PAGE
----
When I left hen house at 1ish, it was 91 degrees. My mortality rate is slowly going up due to the heat. Even my Golden Boy is showing the stress of the heat. Some relief is coming in on Tuesday….Amen.

    Old Bear…..our eggs are not grade A….they go straight to the ‘crack’ room (I could make ‘crack’ jokes here but I’d get thrown in moderation.) They use the eggs in Sarah Lee and such products…..gee, I wonder what company the consumer will be from for that upcoming inspection…..I’ve even seen a Milky Way eighteen wheeler coming from the direction of Dubois where the Corp is at.

    OK, I give, why do they pack blocks of ice in sawdust??

    gotta go, another round of clothes in dryer….only run dryer early in morning.

    ….and it’s PAYDAY

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  18. Debbe, insulation before they had created all the modern types. And they had plenty of it, since most structures were made of wood. Have a pleasant day, and stay cool as you can.

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  19. Cute. Hannah could noodle…well, never mind.

    Jackie, your comment about the small, short beds reminded me of this from, I believe, Johnny Carson: “Remember when ‘safe sex’ meant being careful not to bump your head into the headboard?”

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  20. When my Dad was in high school in Gainesville Ga (once the chicken capitol of the South!) in the late ’30s he worked for an ice company. He rode on the delivery truck and would bring the blocks of ice into houses and stores and put them into the ice boxes so people could store their perishable foods. When he graduated from high school he quit that job and began a 20 year career in the Army.

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  21. Ok, it hasn’t been that long since I slept in a full size bed with a man but said man was only about six inches or less taller than me. I looked at that bed with the pristine white chenille spread sitting out in open on wood floors and tried to visualize Clark Gable.

    Didn’t work. All I could visualize was someone way over six feet and wondering if they’d have to sleep diagonally on the mattress or hang their feet and legs off the end.

    And it would definitely be cozy. Even Dickens and I sleep in king size beds.

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  22. On ice boxes, my daughter in Quincy, IL lives in one of most historic homes in town. Mostly as built long ago. But previous owners before her removed the ice door off back porch where the blocks of ice were placed for the servants to take into kitchen or house for cooling. She regrets this loss.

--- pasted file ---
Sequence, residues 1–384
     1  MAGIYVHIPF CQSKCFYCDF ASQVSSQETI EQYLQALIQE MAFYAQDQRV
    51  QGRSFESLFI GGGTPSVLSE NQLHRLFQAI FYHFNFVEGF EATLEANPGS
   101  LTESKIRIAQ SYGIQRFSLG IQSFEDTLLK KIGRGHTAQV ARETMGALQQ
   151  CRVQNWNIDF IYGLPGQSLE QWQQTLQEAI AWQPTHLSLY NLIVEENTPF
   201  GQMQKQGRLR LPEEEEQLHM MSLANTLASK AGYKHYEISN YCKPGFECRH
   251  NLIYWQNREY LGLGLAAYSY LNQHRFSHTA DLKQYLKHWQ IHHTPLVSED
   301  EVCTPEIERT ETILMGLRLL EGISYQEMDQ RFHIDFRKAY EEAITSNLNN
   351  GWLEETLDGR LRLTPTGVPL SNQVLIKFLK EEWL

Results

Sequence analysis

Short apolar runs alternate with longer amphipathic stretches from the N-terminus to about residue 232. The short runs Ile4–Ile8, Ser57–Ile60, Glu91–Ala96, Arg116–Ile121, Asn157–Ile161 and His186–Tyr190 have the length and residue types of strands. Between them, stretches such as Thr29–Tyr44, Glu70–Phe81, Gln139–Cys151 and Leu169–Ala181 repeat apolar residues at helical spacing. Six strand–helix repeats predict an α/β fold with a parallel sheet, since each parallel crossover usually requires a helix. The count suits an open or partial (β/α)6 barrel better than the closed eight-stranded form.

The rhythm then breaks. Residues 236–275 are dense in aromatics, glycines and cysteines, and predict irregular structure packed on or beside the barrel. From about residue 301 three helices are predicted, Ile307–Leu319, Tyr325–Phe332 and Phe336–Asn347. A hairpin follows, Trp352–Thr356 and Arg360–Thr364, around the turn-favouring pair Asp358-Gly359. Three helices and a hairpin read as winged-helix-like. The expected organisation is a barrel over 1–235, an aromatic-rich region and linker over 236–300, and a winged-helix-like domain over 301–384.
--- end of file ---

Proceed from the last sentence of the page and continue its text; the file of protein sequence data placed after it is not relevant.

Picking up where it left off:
House still has servants bells, speaking tubes, dumb waiters, butlers warming stations, warming stations for cook in kitchen that still work.

    Some of you might enjoy her home. It isn’t on tour, just lives in it.

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  23. Jackie, for me it sounds like a nice motel to visit, but I couldn’t stay there. There would be too much of me hanging over the edge for comfort, and not enough length for diagonal position.

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  24. My guide to the restoration turned out to be a naturist as well as I. Yes, how do I end up learning things like this from people I just met? I suggested he visit Oklahoma, a leader in the movement and progressive, so low key I never heard of it in 20 years? Had to find out from someone on far side of the world.

    Anyway, my La Quinta always has a king size suite for Dickens and Me but I need to get out of said bed!

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  25. I just finished reading the book about Rt 66 and it mentioned the motel where Gable went on his honeymoon. It reminds me of when I sat on FDR’s bed, the one that he died in. Question-can you order cawfee in a crow bar?

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  26. Jerry I love Route 66 and drove it’s length in the famous red Ford Sunliner. Visions of Marty and _________ in Route 66 TV show. It was 1961 and 1962 and it was the real deal, the Mother Road.

    I met the red and white Corvette with the gorgeous guy in the red convertible. We chased each other all the way across Mississippi in the night but it wasn’t on Route 66. I was the Convertible and he the Corvette. That period motel in Louisiana is still there and I think about him whenever I pass it. It was a great weekend.

    But I still look in my rear view mirror when I drive a convertible.